My name is April Ferzoco- all my friends call me Apes or A.P.
Where are you at in the world? Where will you be fishing this year?
I’m currently located in northern Colorado and this year I will be fishing waters all over the country and internationally! So far, I have fished Colorado, Wyoming and Belize. I have several trips planned already to go fish Arizona, Maine and my home state Massachusetts.
What river(s) and lake(s) do you guide/fish?
There are so many amazing rivers and alpine lakes out here in Colorado. You will most likely see me out on the Cache La Poudre river, as well as the Blue and Big Thompson rivers. These waters are extremely challenging to fish, which makes this sport so much fun!
How long have you been guiding/fly fishing?
I have not fly fished very long, only about the last year or so. Which goes to show how addicting this sport can be! The second I set the hook on my first fish, I just had to keep coming back for more.
What got you into fly fishing? When did you start?
I first got into fly fishing when I moved to Colorado for college. My boyfriend Cole, an avid fisherman, was always out on the water and I had no choice but to go watch him from the river banks. I started practicing photography and observing nature around me while he constantly casted for trout. I was quite intimidated by snagging on branches or even hooking myself. So, I never picked up a rod. I was genuinely scared and too shy to start playing in the water. I finally agreed to let Cole show me how to cast. We went to a field on the CSU campus and practiced casting and hauling line. Which was very embarrassing, because many other college students were watching me! It was like a mix between role play and target practice, with Cole playing the role of a trout. It was probably a very interesting site for a non-angler. Eventually that day, I did pick up the casting rhythm and was ready to get in the river!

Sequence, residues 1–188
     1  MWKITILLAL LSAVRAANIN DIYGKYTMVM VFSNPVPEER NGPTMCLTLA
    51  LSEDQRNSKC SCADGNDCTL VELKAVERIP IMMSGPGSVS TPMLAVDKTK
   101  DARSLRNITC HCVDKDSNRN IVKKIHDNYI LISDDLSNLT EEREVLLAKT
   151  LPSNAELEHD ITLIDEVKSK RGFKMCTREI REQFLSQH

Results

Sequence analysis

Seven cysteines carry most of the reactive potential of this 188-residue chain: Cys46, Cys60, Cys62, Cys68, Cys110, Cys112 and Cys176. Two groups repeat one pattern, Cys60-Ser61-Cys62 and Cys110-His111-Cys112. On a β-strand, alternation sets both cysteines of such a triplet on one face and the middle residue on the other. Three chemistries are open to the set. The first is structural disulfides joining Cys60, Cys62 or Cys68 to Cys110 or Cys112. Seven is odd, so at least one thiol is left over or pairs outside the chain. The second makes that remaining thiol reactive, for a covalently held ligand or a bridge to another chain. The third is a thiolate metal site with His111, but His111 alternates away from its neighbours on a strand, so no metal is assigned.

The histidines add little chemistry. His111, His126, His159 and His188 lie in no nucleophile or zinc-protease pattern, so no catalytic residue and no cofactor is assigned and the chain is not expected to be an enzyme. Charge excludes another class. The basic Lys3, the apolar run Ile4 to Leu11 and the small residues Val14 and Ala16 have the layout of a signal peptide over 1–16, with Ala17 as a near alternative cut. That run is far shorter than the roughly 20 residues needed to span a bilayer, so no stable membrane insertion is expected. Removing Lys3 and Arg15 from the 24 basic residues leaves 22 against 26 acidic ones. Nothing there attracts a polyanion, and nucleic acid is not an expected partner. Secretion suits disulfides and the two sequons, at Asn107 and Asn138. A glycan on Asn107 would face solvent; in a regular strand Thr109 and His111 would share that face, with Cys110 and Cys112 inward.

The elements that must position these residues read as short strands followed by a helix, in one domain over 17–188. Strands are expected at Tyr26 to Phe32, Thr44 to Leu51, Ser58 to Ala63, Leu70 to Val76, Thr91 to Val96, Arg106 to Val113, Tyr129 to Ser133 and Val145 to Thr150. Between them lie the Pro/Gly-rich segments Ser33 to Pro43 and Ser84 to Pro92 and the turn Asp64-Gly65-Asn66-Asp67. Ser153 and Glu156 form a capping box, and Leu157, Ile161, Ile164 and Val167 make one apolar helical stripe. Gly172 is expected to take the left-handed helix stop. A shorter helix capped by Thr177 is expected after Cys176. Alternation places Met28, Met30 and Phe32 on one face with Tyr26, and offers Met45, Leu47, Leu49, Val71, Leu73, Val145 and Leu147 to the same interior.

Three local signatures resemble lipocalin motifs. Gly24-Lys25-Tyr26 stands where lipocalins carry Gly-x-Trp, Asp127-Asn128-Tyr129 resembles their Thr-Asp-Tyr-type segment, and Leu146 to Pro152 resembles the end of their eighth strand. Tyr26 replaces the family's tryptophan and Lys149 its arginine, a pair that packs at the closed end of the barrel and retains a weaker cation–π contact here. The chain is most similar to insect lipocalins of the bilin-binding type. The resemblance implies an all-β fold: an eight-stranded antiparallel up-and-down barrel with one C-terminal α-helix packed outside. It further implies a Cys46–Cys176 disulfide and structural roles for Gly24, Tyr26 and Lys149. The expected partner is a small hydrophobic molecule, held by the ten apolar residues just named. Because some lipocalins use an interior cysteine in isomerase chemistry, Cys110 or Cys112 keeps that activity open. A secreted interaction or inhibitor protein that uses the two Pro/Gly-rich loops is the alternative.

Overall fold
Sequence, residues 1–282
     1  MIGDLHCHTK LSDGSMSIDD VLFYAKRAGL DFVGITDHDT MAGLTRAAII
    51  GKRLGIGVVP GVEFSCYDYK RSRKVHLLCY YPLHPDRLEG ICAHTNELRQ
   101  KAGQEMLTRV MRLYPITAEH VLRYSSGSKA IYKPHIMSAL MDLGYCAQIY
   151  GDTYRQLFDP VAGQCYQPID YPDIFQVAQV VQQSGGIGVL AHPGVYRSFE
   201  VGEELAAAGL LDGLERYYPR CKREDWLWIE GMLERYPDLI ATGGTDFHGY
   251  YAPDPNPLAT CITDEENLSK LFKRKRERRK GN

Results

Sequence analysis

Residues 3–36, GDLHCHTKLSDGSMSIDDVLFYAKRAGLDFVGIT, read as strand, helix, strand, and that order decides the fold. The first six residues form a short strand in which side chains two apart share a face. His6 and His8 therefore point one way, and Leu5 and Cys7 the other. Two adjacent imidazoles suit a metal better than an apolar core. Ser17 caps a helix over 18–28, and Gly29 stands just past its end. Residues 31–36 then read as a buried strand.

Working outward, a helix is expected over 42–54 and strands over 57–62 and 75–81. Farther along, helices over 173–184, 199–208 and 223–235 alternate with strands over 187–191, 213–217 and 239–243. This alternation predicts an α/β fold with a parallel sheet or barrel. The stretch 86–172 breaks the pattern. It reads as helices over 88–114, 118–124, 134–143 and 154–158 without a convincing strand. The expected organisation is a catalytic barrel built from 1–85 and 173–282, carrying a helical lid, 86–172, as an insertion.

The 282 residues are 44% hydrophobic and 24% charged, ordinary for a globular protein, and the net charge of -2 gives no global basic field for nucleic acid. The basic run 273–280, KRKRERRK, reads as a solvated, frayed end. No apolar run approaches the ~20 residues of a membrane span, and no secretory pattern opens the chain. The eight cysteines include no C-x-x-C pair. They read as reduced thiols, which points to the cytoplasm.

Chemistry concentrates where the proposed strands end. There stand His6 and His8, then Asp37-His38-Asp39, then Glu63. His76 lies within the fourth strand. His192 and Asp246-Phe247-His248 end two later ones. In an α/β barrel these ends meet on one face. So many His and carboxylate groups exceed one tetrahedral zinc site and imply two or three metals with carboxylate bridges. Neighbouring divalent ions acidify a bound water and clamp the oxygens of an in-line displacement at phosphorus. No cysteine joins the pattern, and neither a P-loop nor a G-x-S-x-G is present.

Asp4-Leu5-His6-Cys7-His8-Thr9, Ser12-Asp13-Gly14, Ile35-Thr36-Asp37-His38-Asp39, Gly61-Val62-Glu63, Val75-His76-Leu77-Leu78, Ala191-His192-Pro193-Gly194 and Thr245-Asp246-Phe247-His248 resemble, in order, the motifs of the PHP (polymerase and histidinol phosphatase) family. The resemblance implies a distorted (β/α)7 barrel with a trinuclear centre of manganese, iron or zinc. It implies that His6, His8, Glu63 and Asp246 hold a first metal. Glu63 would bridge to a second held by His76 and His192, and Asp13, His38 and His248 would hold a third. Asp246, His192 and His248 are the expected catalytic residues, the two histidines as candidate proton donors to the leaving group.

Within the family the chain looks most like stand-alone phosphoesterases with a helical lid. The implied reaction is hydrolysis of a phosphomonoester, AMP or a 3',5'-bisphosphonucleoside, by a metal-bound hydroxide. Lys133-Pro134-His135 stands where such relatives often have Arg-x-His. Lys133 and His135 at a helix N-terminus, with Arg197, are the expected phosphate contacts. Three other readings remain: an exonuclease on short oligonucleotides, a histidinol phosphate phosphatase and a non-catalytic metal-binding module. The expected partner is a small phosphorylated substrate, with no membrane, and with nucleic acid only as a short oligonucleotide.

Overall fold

Why do you fly fish? What does it “do” for you?
I fly fish because it takes me out of reality. All the stress, pain and anger in my life leaves my mind when I’m in the river. Being a college student, it’s hard to find ways to escape the pressure you're under. When I leave town to fish I can finally relax and clear my head. So far it has actually improved my grades and emotional well-being. I’ve never felt better or happier about myself too. Fishing makes me feel as if I can accomplish anything and I set goals to keep myself challenged. I write down anything new I want to learn, techniques from videos, and most importantly the species of fish I want to catch! Having these challenges not only makes learning fun but keeps things interesting. Writing these memos down, makes me eager to go out and try it in real life. With fly fishing you need a “Can Do” attitude, or you’re just going to be miserable. I have had countless fishing trips where I would get so flustered, with my line, rod or myself. From that I have learned you cannot drag yourself in the mud for making mistakes or knots in your line. Fly fishing teaches you to stay calm and focus the goal- Get the fish in the Net! Fly fishing has taught me to try again and again, even when you think you're done for the day. I think the lessons of fly fishing are so much more valuable than just catching fish, because you can apply them anywhere. That is why I fly fish!
If you own and use a Rod Vault, what do you like about you Rod Vault?